A 401(k) may be the first thing that comes to mind when you think of funding your retirement. However, your 401(k) is just one of many tools you’ll lean on to generate income in retirement. Diversifying your sources of income in retirement can significantly reduce your exposure to common financial risks, but it can also add additional complexity to your finances. That’s why it’s important to build a retirement plan — in addition to saving for retirement.

What is a retirement plan?

In its simplest form, a retirement plan is a roadmap to reliably and efficiently generate income to support your lifestyle in retirement and your legacy, if you have a goal to leave one. It will help manage retirement risks such as market volatility, rising costs, increasing taxes, unknown healthcare needs and longevity. With a solid retirement plan, you can worry less about these risks and focus on enjoying life.

How does a retirement plan work?

By the time you reach retirement, you’ve probably tucked savings into a variety of accounts, such as a 401(k), traditional and Roth IRA, a regular brokerage account, health savings accounts, as well as pensions, annuities, and the cash value you may have accumulated in a whole life insurance policy. Your Social Security and Medicare benefits will also kick in to provide an additional cushion in retirement. You’ve got the orchestra, but you need a conductor to ensure they’re all playing together in harmony. That’s the role of a retirement plan and a financial advisor.

Ultimately, your plan will help you reliably generate income to support your lifestyle in retirement. However, there are a few key areas where a solid retirement plan can help you get the most out of your savings.

Tax efficiency

An effective retirement income plan aims to reduce your tax liability. When you take distributions from tax-deferred retirement accounts, such as traditional IRAs and 401(k)s, those distributions will be taxed as ordinary income in retirement (the opposite is true for a Roth IRA). That means a chunk of your nest egg will be rerouted to the IRS. Strategic planning can balance your income needs so that you’re relying on a mix of taxable and non-taxable accounts. This is key as withdrawing too much could inadvertently push you into a higher tax bracket, which will eat into your savings even more.

Keep in mind that you’ll have to begin tapping your tax-deferred accounts sooner or later. You’ll be on the hook for required minimum distributions (RMDs) beginning at age 72, but an experienced financial advisor can help you balance these withdrawals with other income sources.

Market volatility

It’s wise to manage your retirement income in a way that uses market volatility to your advantage. Selling investments when the market is rising can generate extra income you can then funnel into your savings account. In this way, some exposure to markets in a retirement portfolio can help your savings stay ahead of inflation.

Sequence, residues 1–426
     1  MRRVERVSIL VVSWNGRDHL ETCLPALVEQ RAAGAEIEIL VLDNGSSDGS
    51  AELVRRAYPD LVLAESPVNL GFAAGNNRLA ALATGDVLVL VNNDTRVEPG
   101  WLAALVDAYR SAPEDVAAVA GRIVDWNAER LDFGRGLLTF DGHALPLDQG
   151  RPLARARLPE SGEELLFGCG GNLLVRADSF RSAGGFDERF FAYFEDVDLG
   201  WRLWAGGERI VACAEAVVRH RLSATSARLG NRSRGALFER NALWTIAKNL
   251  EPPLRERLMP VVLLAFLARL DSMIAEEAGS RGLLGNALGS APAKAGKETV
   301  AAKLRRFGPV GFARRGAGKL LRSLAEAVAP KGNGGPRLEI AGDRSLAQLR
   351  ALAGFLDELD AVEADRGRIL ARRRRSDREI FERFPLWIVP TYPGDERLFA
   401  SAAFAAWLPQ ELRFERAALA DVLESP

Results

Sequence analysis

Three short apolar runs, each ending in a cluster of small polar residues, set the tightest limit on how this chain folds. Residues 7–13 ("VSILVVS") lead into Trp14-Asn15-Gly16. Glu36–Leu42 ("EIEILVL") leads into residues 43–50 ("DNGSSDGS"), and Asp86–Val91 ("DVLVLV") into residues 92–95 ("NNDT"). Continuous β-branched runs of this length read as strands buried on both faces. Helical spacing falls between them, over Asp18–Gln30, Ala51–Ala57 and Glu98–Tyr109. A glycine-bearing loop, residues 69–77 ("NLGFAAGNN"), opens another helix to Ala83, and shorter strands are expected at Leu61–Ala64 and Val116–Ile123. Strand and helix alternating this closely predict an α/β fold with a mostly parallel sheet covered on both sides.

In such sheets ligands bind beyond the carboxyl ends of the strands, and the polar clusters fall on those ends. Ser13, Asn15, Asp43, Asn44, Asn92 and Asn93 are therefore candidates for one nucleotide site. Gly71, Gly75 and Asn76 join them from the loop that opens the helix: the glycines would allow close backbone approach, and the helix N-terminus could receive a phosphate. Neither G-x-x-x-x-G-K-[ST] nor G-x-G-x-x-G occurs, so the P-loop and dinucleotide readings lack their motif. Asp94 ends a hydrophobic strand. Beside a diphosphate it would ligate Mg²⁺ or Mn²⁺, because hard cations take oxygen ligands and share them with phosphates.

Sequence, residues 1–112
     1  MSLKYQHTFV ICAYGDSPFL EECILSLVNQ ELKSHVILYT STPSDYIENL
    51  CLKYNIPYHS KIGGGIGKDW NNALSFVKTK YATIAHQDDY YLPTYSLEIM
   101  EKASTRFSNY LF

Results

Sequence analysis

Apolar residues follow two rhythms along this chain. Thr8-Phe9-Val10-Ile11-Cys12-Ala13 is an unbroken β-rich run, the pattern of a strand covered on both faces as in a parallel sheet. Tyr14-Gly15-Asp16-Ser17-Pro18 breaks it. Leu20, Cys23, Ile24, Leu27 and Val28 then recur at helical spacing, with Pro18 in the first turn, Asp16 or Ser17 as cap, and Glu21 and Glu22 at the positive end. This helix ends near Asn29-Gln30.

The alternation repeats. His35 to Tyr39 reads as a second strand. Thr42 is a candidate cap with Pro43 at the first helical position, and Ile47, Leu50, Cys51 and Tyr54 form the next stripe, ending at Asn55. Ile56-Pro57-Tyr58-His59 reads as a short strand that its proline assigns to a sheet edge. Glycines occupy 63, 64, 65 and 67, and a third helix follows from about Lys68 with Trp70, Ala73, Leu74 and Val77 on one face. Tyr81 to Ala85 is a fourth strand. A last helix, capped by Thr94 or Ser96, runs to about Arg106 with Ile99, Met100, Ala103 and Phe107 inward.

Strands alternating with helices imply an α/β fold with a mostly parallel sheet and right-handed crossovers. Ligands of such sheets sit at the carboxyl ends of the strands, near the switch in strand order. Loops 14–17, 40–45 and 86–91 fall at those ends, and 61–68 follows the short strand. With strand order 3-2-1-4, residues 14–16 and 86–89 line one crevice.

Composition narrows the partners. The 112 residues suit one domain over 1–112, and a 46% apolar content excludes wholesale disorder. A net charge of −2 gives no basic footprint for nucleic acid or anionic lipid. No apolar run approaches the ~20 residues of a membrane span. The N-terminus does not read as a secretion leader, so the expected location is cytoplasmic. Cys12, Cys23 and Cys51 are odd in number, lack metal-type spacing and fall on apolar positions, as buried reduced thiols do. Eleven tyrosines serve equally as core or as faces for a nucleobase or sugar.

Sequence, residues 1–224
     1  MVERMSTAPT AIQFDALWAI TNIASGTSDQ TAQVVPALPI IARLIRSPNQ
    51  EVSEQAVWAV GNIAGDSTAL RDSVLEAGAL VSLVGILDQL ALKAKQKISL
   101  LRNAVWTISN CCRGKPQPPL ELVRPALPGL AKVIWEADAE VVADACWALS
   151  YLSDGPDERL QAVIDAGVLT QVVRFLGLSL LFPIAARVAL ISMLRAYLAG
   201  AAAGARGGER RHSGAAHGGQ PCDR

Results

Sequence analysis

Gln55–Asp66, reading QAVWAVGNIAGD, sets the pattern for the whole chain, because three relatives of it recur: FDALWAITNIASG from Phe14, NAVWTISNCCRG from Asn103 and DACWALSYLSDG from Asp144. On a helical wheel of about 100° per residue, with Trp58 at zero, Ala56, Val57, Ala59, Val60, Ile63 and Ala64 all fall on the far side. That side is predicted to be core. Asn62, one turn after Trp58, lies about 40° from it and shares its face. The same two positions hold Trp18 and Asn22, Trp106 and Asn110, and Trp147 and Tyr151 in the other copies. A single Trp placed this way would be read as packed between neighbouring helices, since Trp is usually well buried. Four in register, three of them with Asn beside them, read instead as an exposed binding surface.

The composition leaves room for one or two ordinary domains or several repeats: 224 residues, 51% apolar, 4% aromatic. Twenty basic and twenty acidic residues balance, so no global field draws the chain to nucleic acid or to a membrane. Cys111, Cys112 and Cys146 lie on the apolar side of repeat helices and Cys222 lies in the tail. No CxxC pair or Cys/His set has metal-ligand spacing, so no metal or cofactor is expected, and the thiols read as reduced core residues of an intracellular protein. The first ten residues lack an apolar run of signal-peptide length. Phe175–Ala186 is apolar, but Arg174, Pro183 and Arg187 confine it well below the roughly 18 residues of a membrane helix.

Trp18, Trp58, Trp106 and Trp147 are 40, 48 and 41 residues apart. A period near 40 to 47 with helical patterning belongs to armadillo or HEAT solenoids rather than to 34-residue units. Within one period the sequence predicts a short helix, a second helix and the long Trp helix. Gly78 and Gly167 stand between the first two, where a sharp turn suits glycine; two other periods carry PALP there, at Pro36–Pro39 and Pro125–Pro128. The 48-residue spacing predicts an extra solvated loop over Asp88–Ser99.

When the market dips, you can rely more on cash reserves or money you’ve accumulated in a whole life insurance policy until things rebound.

Health issues

Even with Medicare, which begins at age 65, you’ll still need to plan for regular health care costs. This includes everything from deductibles to premiums to prescription drugs and more. You’ll likely encounter steeper costs if you or your spouse develop a serious illness that requires long-term care. Those who live to 65 have a 70 percent chance of needing long-term care at some point, according to the Department of Health and Human Services.

It’s something that could significantly impact your nest egg, but it can be planned for based on reasonable projections about the future.

Hedging longevity risk

While the 4 percent rule has long been a rule of thumb, many experts are now recommending more conservative numbers to prevent outliving your money — 2 to 3 percent may be more appropriate given the low interest rate environment and elevated stock market valuations. This is just a rule of thumb, and you’ll want to devise a more comprehensive strategy that suits your preferences. Still, the bottom line is this: There are strategies to reduce this common retirement risk.

The current life expectancy in the U.S. is just shy of 78 years old, according to the CDC. But you could very well live longer; a good problem to have, but a problem nonetheless.

Legacy planning

Most of us will leave something behind at the end of our lives. Being purposeful about it now can ensure that your loved ones are taken care of. Planning allows you to be intentional so that you don’t end up drawing on assets you’d prefer to pass on to the next generation, and even leave a larger legacy behind. It hints at the importance of having a drawdown plan that will last a lifetime.

What is a retirement plan? It boils down to generating retirement income in a way that protects your financial stability over the long term. The right financial advisor can help you create a customized plan that’s built to help you create the retirement you envision.

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